A Case for Rust in Deep Learning
Despite the progress made in deep learning, the ongoing struggle to train and deploy models effectively at reasonable cost continues to limit its adoption in the real world. While Python has been the go-to language for developing deep learning models, it's not known for its efficiency nor its ease of deployment. From poor package versioning to incompatible Python versions, it's not always easy to get everything right. Recent programming languages such as Rust and Go resolved those problems and are enabling scalable and efficient solutions to be made.
In this blog post, we'll explore the case for Rust in deep learning and why it may be a better option than Python. With its ability to handle complexity through safe and concurrent abstractions, Rust has the potential to tackle this field's biggest challenges in a way that Python cannot.
Why is Python used in deep learning? At first glance, it appears to be a language for simple and short programs without strong requirements for performance. However, deep learning systems are far from simple and require a huge amount of compute. From sophisticated model architectures to highly distributed training and inference, it's unclear why the entire ecosystem has been written in Python. Let's explore the reasons why it became the most used programming language that shaped the entire field.
The need for flexibility and high-level abstractions in developing deep learning models made Python a decent choice among researchers. The simplicity of the language with its low barrier of entry enabled fast iteration cycles, which is crucial when doing research. Coupled with its large library ecosystem, it better explains the reasons why Python became the leader in scientific computing.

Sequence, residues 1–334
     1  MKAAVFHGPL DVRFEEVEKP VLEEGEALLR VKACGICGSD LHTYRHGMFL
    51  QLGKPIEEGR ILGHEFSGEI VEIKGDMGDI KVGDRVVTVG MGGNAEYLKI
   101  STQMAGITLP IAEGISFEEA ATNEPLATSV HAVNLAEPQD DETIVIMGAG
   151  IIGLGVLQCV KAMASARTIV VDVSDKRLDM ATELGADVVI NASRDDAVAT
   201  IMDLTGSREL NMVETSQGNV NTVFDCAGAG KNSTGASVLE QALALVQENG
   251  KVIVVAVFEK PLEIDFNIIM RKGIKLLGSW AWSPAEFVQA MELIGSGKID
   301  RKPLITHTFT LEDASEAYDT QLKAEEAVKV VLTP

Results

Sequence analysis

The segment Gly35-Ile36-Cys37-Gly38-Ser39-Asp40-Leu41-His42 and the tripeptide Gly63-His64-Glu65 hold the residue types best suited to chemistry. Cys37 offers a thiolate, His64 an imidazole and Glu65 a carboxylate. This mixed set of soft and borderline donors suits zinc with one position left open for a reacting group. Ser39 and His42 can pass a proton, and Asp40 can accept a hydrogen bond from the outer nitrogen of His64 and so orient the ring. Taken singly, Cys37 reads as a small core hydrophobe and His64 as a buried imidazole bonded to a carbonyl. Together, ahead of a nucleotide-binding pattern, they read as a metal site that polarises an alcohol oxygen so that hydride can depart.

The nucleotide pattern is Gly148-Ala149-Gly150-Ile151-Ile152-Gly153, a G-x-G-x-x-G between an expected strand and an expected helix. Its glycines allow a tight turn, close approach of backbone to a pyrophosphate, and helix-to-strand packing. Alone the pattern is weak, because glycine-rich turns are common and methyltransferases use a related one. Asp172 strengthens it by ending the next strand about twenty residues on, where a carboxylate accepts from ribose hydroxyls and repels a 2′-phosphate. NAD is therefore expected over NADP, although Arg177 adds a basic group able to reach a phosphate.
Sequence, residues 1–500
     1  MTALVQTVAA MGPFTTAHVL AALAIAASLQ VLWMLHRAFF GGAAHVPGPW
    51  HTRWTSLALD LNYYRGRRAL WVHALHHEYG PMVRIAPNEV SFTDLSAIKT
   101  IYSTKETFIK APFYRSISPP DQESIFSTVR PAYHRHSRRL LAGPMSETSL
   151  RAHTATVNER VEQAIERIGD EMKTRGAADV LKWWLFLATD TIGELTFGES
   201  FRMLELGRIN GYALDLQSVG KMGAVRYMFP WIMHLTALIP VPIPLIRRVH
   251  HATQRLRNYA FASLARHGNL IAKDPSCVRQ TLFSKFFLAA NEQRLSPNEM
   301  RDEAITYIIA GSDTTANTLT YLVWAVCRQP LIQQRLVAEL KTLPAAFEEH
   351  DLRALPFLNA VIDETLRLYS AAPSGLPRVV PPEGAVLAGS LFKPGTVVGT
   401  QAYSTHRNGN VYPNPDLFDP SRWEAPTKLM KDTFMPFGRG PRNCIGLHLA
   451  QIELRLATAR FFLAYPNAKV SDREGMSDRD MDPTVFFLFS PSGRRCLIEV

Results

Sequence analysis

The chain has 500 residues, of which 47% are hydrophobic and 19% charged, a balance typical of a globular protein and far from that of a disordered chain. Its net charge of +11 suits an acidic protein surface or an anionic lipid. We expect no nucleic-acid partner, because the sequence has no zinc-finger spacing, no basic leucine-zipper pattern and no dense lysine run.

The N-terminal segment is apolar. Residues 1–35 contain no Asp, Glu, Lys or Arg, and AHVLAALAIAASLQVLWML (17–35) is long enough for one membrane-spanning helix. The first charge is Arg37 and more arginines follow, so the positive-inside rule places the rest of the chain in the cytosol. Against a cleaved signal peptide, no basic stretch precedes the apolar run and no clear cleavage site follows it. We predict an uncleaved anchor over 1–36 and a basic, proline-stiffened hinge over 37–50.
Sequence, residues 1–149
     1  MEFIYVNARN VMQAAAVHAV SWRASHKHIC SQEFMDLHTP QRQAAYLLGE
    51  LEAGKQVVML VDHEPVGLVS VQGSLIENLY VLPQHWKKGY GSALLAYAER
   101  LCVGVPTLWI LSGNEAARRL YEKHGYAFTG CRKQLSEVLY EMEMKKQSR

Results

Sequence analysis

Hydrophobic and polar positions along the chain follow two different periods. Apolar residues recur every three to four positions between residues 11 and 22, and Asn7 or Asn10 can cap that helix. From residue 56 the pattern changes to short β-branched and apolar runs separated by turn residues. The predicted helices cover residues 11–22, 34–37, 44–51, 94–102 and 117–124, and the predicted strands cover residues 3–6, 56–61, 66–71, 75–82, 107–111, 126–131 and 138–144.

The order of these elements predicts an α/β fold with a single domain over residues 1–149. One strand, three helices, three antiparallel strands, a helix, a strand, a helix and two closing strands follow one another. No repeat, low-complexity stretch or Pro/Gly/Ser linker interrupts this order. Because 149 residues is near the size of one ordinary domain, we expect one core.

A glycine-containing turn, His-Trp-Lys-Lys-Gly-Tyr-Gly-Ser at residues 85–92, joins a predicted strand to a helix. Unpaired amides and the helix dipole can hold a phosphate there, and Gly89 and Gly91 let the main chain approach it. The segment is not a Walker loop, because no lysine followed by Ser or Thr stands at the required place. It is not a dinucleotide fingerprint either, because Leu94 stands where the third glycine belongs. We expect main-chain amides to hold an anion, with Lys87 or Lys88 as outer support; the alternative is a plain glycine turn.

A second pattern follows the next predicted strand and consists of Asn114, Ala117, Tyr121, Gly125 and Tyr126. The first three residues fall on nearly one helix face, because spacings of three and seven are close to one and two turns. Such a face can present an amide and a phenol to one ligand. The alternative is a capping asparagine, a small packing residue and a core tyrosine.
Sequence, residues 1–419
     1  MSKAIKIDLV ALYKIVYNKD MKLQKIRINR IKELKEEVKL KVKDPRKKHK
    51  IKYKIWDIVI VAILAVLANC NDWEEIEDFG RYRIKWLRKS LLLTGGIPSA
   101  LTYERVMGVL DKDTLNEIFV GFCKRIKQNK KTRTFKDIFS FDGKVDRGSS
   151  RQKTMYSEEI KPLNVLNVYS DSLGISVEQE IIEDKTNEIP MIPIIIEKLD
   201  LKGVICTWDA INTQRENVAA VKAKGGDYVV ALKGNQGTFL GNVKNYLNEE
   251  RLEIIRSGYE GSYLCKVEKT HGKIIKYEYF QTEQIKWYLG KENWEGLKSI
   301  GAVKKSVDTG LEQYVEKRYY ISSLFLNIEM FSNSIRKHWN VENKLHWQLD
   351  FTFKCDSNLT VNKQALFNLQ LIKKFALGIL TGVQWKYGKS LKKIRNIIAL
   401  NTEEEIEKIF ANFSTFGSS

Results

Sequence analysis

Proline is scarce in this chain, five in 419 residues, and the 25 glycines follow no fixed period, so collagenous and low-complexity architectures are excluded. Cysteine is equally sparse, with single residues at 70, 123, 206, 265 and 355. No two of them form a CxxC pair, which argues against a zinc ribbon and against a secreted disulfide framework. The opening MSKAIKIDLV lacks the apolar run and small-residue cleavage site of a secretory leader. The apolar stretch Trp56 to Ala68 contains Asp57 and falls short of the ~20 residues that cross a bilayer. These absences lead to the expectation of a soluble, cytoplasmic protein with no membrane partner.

However, even if the first deep learning models were quite small and simple, it rapidly evolved into the complex field it is today. To support that complexity and the need for performance, bindings to low-level programming languages such as C and C++ were necessary.
In this context, there are two groups of people: the engineers who develop and optimize the low-level details in frameworks, and the researchers who use Python to experiment and do cool stuff. While this approach has proven successful, it's far from ideal. From potentially creating frictions between engineers and researchers to restricting the amount of people who can meaningfully contribute to deep learning frameworks, having a two-language solution creates more complexity and frustration than necessary. Onboarding new people also becomes more difficult since they need to navigate a big codebase and a complex architecture to accommodate the constraints of both languages. This makes the development of deep learning frameworks inaccessible to most users and limits the amount of meaningful contributions.